Posts tagged sacrifice
Hard work! It’s an American tradition. We work hard for our money. We get what we deserve! God helps those who help themselves! Baseball! Apple Pie!
Anyone who has been stealing must steal no longer, but must work, doing something useful with their own hands, that they may have something to share with those in need. (Ephesians 4:28)
But among you there must not be even a hint of sexual immorality, or of any kind of impurity, or of greed, because these are improper for God’s holy people. (Ephesians 5:3)
Working hard and earning every dime and building our wealth may well be American values, but they are not necessarily Biblical values. Why does the Bible say we should work hard? So that we will have something to share with those in need. What sinful way of life does Paul lump in with sexual immorality and impurity? Greed! Making as much as you can so that you can buy stuff and stick it to those who said you could never be successful may be the new American dream, but the Bible calls it sin!
Look at the words of Paul in Ephesians 4 and let me just make one little change. Let’s replace one word, “Gentiles,” with a word that perhaps helps us understand Paul’s position a little better:
So I tell you this, and insist on it in the Lord, that you must no longer live as the [Americans] do, in the futility of their thinking. They are darkened in their understanding and separated from the life of God because of the ignorance that is in them due to the hardening of their hearts. Having lost all sensitivity, they have given themselves over to sensuality so as to indulge in every kind of impurity, and they are full of greed. (Ephesians 4:17-19)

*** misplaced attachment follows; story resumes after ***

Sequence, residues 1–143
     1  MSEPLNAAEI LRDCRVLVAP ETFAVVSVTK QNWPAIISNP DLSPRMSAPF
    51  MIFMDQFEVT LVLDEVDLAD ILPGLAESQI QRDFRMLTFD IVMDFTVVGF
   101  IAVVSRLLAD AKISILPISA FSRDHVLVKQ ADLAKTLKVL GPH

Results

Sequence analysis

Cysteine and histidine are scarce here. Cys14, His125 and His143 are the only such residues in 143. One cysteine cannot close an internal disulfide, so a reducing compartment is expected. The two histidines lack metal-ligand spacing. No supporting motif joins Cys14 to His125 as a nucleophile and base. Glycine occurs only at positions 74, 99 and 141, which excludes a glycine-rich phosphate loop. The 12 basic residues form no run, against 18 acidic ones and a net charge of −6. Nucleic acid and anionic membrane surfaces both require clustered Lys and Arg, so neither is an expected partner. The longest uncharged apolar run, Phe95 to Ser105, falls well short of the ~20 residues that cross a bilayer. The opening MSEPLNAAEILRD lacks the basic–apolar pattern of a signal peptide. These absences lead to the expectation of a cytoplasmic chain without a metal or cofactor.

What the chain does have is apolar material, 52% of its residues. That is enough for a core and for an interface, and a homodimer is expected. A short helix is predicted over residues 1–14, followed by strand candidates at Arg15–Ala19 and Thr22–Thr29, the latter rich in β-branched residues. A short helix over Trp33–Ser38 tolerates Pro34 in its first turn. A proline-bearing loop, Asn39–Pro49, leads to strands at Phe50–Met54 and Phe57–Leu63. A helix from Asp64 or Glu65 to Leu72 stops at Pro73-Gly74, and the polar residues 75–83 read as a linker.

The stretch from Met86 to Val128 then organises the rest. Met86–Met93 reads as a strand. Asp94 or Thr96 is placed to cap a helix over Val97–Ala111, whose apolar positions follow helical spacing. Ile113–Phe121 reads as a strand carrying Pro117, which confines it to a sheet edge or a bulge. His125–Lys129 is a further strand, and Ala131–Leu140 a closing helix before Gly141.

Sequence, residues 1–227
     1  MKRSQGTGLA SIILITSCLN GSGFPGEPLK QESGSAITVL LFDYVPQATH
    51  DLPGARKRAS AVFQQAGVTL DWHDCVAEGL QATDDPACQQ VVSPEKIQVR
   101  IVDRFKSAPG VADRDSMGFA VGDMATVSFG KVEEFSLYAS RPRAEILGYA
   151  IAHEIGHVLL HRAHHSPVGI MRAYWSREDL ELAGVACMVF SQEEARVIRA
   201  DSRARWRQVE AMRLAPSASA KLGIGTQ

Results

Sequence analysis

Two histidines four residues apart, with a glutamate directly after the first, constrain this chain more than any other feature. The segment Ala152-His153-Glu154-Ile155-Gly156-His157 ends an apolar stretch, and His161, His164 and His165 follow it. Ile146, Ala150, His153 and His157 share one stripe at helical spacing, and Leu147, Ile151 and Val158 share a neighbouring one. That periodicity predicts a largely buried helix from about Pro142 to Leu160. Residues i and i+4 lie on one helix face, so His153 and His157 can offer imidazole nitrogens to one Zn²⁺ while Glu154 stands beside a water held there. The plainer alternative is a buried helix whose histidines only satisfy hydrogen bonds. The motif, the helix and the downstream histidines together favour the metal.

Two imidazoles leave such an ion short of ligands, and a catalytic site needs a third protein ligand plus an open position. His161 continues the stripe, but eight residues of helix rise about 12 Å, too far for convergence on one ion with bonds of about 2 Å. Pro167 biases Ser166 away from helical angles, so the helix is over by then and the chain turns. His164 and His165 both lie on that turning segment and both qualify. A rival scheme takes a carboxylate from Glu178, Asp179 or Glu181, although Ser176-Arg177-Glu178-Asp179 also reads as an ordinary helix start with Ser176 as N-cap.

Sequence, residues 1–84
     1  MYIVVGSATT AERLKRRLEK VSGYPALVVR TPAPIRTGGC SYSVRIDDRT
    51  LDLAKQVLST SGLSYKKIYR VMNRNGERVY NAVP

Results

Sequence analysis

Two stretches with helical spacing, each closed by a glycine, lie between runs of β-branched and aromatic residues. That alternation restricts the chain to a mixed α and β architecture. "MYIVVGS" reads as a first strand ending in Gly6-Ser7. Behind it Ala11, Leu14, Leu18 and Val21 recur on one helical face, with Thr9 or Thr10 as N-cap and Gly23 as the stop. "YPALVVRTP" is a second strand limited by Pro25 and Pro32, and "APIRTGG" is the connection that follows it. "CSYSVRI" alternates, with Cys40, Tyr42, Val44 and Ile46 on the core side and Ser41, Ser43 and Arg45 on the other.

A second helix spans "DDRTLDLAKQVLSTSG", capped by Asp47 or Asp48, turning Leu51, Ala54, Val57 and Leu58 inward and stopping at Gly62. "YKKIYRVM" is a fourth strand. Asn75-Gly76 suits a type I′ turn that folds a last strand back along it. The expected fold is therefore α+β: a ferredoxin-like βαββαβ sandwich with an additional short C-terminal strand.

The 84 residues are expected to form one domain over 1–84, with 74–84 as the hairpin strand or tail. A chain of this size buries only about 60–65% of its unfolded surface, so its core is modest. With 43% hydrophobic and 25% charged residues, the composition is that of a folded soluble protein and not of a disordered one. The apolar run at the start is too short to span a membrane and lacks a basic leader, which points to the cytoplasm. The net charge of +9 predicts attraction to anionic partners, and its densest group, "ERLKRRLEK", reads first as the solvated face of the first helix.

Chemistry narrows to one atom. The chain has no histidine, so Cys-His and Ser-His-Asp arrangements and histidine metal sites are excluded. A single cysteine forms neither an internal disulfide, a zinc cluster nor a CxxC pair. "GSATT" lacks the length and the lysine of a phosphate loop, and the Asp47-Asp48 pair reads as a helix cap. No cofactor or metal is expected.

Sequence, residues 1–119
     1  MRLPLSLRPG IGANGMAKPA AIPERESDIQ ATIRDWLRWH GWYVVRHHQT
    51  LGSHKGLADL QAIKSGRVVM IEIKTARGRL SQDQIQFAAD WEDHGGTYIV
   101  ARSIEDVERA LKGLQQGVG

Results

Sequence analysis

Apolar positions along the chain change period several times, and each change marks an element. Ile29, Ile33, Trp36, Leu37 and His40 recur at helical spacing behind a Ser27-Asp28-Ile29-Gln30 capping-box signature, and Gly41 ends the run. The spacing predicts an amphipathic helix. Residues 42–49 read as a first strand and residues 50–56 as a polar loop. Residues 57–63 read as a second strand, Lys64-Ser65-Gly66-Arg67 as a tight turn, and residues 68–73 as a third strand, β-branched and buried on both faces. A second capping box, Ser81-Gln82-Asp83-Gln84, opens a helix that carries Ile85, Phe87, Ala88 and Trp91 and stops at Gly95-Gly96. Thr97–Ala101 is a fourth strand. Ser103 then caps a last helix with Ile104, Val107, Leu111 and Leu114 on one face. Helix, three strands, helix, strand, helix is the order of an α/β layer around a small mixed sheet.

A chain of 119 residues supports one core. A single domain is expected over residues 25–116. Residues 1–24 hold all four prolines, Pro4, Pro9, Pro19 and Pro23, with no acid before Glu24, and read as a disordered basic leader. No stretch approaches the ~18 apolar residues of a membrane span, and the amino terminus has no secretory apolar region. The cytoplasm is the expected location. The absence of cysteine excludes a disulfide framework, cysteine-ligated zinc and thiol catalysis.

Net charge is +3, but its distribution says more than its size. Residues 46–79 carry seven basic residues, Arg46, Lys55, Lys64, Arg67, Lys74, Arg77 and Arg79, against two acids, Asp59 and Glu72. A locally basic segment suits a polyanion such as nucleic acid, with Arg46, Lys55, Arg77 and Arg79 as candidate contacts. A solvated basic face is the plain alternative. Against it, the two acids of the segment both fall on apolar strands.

A little too close to home? Another reminder that the more things change, the more they stay the same? Let me say something now that red-blooded patriots will almost certainly find offensive – perhaps even blasphemous: The American dream is anti-Biblical…unless you apply that dream to everyone but yourself. In other words, the Biblical version says, “I will work my butt off to make sure that everyone around me has a good life. I will make sacrifices so that others can succeed. I will lead only for the sake of those who are following me and, in my successes, I will humble myself and serve those who would otherwise serve me.” That’s the Biblical dream for each of us.
Does that offend you? Consider for a moment that this is exactly what Jesus did. He worked everyday to try to pass something on to us that would make each of us better people and our world a better place. He endured 30 plus years on this messed up earth – 30 plus years away from his home in the heavens – to make sure that we had opportunities that we otherwise would never enjoy. He was beaten and killed so that you and I could have it all! His entire existence was for our sake. He only came so that we could succeed and he made himself low so that we could reach the highest heights.